Annual Percentage Rate (APR) - How it affects your payment

While talking about debt, we often come across the terms APR, closing costs, interest rates, etc. But people know very little or nothing on these topics. APR helps you determine your payment amount on a loan. It also plays a very crucial role in debt consolidation. Check out the following topics to know the various aspects of APR.

What Annual Percentage Rate is all about?

Annual Percentage Rate is a measure of the cost of credit, expressed as a nominal yearly rate. APR is the equivalent interest rate (considering all additional costs) charged on a certain loan amount. It is a function of the loan amount, interest rate, total additional cost, and the loan term.

For example, Sally takes out a loan from Bank of America.

The loan amount = $10,000

The monthly interest rate on the loan= 2%

The total loan term = 12 months

The total closing costs = $2000

So, after adding the additional costs to the interest rates, the annual percentage rate becomes = 45.559%

Thus, for a loan amount of $10,000 with 2% interest rate, the Annual Percentage Rate can be as much as 45.559%.

However, for more accurate calculation, you can use an APR calculator or APR interest calculator. The Annual Percentage Rate calculator will help you calculate APR correctly.

What are the fees included in APR?

The fees included within the APR vary from one lender to another. The fees included within the APR involve charges related to the making of the loan and other fees such as title fee, escrow fee, attorney fee, tax service fee, home inspection fee, recording fee and credit report fee. The fees for the preparation of loans include loan processing fee, underwriting fee, document preparation fee, private mortgage insurance, loan application fee, credit life insurance and appraisal fee.

What are the fees excluded in APR?

Check out the fees which are excluded from the calculation of APR:

  • One-time fees paid to a person apart from the lender.
  • Late fees and penalties.

How does APR help you?

Lenders often mislead borrowers by charging hidden fees. This is where the APR can come into help. It is used to compare the true cost of various loans and find out whether the creditor has included any hidden fee. Before going in for any loan, one should check the APR of that loan to have a clear picture about the amount he will be liable to pay back against the borrowed amount.

What is the difference between APR and interest rates?

The APR and the interest rate are different from each other. The APR takes into account extra costs along with the normal interest rate. These extra costs vary from one lender to another and hence the APR varies. However, in case of loans having no extra cost, the APR is same as the interest rate.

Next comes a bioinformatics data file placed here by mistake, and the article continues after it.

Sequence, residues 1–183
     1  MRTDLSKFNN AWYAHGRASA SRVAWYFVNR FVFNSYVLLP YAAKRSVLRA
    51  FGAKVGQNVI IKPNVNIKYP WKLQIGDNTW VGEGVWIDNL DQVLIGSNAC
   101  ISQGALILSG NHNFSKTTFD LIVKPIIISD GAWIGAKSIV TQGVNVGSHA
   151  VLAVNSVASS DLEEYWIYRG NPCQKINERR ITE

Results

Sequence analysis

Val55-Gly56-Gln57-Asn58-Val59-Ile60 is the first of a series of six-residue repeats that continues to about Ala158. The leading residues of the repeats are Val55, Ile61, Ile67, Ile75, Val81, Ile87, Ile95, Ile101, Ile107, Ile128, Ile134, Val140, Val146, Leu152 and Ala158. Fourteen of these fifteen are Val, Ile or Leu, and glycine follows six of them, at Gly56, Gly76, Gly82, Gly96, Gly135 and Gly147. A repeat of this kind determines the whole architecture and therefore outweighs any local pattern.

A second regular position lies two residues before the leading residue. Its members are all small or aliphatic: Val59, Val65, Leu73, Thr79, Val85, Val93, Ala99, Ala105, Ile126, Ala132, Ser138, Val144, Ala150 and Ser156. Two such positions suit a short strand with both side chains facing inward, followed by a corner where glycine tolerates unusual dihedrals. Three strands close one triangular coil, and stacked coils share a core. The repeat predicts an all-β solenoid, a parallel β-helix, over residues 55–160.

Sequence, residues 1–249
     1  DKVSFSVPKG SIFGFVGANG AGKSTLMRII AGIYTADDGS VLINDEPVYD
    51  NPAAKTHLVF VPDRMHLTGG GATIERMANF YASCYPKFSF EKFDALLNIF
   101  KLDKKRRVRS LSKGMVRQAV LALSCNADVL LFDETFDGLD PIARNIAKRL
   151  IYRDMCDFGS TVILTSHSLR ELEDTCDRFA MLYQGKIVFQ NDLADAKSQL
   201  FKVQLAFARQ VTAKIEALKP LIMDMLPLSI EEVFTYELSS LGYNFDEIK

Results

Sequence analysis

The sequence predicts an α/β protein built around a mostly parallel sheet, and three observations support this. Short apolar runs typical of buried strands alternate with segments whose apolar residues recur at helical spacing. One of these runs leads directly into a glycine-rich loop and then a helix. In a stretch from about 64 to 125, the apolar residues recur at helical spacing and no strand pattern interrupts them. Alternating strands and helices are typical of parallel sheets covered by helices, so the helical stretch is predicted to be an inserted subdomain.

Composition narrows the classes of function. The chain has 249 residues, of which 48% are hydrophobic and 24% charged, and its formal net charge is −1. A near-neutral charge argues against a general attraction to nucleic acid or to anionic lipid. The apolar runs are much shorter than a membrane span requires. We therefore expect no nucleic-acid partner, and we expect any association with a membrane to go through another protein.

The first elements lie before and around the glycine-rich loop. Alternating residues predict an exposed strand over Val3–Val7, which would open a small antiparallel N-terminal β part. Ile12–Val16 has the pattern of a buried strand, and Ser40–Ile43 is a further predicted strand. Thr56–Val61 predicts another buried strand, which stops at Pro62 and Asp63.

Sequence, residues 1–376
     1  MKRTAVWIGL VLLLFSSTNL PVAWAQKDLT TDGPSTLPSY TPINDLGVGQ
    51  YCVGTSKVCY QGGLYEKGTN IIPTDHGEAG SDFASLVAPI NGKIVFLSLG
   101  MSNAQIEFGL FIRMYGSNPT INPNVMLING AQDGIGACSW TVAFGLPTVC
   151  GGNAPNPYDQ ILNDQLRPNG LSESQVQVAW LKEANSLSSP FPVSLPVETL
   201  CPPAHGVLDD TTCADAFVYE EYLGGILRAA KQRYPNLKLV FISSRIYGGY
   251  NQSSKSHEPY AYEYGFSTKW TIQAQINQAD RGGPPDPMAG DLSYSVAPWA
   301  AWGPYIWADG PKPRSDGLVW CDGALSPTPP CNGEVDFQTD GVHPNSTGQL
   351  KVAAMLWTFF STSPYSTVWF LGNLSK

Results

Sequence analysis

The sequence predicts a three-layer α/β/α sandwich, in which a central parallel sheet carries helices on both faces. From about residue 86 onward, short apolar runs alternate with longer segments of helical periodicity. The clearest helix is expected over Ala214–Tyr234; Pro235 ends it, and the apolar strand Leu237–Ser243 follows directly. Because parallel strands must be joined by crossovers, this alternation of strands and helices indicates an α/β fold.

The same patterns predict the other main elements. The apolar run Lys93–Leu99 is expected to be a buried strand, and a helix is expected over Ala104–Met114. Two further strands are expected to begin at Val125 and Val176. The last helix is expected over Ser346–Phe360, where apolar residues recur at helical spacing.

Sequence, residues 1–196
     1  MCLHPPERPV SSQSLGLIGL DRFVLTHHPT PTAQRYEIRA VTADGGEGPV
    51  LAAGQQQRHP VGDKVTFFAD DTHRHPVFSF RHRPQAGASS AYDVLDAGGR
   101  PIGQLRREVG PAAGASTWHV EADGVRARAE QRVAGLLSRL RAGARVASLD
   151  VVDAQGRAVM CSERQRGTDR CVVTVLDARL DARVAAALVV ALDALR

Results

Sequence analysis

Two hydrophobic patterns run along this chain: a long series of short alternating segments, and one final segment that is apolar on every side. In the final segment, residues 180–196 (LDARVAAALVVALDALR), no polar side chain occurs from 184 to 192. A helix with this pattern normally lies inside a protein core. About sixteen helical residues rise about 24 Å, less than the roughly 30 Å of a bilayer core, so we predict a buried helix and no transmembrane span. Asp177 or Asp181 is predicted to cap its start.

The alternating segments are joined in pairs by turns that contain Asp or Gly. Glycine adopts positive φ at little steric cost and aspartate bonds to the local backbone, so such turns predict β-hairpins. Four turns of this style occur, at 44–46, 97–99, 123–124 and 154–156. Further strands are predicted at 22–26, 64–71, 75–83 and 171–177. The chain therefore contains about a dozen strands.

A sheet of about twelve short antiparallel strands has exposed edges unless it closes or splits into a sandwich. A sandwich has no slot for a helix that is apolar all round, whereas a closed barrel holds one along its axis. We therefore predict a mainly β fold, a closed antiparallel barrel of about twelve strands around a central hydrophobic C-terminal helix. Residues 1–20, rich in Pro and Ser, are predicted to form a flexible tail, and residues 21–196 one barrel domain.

Is there any difference between APR and APY?

APR expresses the annual interest rate in terms of a percentage. It indicates the true cost of the funds over the loan term. Consumers are advised to compare the APR on the loans to determine which card will cost them most or least. However, shopping for a card solely on the basis of APR is not a good idea. This is because it does not consider the compounding interest in the year, which APY does.

APY is the abbreviation of Annual Percentage Yield. It primarily refers to the interest yield you'll earn on a financial product in a year. As it takes the compounding interests into account, so it gives a better measure of how much interest would actually cost.

The difference can be understood from the given formulae:

APR = Periodic Rate * Number of Periods in a Year
APY = (1 + Periodic Rate)^n 1 (Here n denotes the number of times you compound in a year. Basically, it refers to the compounding period).
For example, a credit card company charges 1% interest rate on a card per month. Then the Annual percentage rate on the credit card will be = 1% * 12 months = 12%. However, the APY on the credit card with 1% monthly compounding interest rate will be (1+ 0.02)^12 1 = 12.68% in a year.

Is there any law regarding APR?

In order to protect consumers from the tricks of lenders and clear their doubts on terms related to credit and rates, the FDIC enacted the Truth in Lending Law in 1968. Regulation Z. Part 226, under Truth in lending Act came into effect from July1, 1969. This section defines the Annual Percentage Rate (APR). By this law, a creditor is bound to disclose the APR to a borrower within three days of receipt of loan application. The creditor cannot hide the extra costs and is liable to reveal all the costs along with the interest rate to the borrower before signing any agreement. For further details, check FDIC.

APR is a very effective tool for protecting consumers against inaccurate and unfair credit billing and credit card practices. So if you are in debt and planning for debt consolidation, the APR is the best way to judge who can provide you with the best solution. Debt Consolidation not only makes you debt free but also reduces the APR to save a lot of money. So even when you are in serious debt problems, you end up saving with debt consolidation.